FEMA Urges Preparedness for Hurricanes and Severe Weather

FEMA Urges Preparedness for Hurricanes and Severe Weather

Mobile wireless emergency alerting capabilities will be available
nationwide through participating carriers

Release Date: May 24, 2012
Release Number: HQ-12-038

WASHINGTON, D.C. — Hurricane Season begins June 1, 2012, FEMA is
providing additional tools for federal, state, local, tribal and
territorial officials to alert and warn the public about severe
weather. Using the Commercial Mobile Alert System, or CMAS, which is a
part of FEMA’s Integrated Public Alert and Warning System, this
structure will be used to deliver Wireless Emergency Alerts (WEA) to
wireless carriers for distribution to the public.

The CMAS system will allow the National Weather Service to soon begin
issuing WEAs for the most dangerous weather through participating
wireless carriers directly to cell phones. The alerts will be broadcast
by cell towers much like an AM/FM radio station, and cell phones within
range will immediately pick up the signal, provided they are capable of
receiving these alerts. The availability of WEA alerts will be
dependent on the network status of the wireless carriers and handset
availability, since not all cell phones can receive WEAs. People
should check with their cellular carriers to see if WEA alerts are
available in their area.

“The wireless emergency alert capability provides an additional
opportunity for the public to receive life-saving information needed to
get out of harm’s way when a threat exists,” said Timothy Manning, FEMA
deputy administrator for protection and national preparedness. “The
public also has a critical role in their personal preparedness. There
are a few simple steps that everyone can take to be prepared, like
knowing which risks exist in your area and making a family emergency
plan. Information and resources to help individuals and families
prepare can be found at ready.gov.”

WEAs will look like a text message, and will automatically appear on
the mobile device screen showing the type and time of alert along with
any action that should be taken. The message will be no more than 90
characters, and will have a unique tone and vibration, indicating a WEA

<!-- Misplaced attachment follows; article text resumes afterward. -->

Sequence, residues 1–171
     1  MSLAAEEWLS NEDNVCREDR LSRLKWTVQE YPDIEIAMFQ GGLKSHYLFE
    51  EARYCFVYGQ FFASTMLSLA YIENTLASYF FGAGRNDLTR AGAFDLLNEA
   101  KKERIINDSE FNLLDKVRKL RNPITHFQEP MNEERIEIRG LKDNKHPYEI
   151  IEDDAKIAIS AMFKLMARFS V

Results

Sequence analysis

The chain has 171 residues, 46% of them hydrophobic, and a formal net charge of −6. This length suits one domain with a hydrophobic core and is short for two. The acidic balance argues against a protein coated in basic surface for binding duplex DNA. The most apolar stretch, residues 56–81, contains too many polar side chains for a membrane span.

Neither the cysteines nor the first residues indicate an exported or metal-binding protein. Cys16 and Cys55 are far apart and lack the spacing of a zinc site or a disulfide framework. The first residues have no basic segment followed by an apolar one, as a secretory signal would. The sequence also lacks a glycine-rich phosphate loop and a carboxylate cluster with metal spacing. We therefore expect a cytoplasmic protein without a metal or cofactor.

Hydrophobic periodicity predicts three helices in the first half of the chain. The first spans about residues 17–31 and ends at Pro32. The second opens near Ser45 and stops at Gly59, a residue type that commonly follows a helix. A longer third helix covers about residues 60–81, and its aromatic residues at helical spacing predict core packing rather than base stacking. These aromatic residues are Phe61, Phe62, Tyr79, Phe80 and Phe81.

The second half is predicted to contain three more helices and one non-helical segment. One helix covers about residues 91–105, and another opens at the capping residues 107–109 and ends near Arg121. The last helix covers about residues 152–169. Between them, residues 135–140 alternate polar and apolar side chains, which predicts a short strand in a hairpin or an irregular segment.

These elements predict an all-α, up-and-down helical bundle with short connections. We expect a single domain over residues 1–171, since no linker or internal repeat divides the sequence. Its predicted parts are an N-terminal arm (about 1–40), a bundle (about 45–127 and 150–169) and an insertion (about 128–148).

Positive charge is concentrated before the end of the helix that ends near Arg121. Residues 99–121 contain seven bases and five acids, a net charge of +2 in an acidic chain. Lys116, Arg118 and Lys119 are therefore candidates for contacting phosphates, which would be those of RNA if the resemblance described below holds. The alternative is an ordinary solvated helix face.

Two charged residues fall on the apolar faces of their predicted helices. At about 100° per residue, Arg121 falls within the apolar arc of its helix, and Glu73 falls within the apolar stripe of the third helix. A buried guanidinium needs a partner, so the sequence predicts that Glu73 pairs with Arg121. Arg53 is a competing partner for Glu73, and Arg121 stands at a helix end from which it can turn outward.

has been received. If an alert is received, citizens should follow the
instructions and seek additional information from radio, television,
NOAA Weather Radio, and other official sources for emergency
information. Citizens should only call 911 in a life threatening

Only authorized federal, state, local, tribal or territorial officials
can send WEA alerts to the public. As with all new cellular services,
it will take time for upgrades in infrastructure, coverage, and handset
technology to allow WEA alerts to reach all cellular customers.

FEMA urges individuals and businesses to take action to prepare
themselves in advance of severe weather and hurricanes such as taking
the pledge to prepare at http://www.ready.gov/pledge . This is the
first step in making sure you and your family are ready for an
emergency This includes filling out your family communications plan
that you can email to yourself, assembling an emergency kit , keeping
important papers and valuables in a safe place, and getting involved.

With the start of hurricanes season it is even more important to know
your risk, take action, and be an example. While hurricanes often offer
some warning that a threat is approaching, severe weather can occur at
anytime and in any place, including high winds, inland flooding, severe
storms and tornadoes.

For more on family preparedness, visit
http://www.ready.gov/hurricanes for more planning information and
safety tips.

FEMA’s mission is to support our citizens and first responders to
ensure that as a nation we work together to build, sustain, and improve
our capability to prepare for, protect against, respond to, recover
from, and mitigate all hazards.

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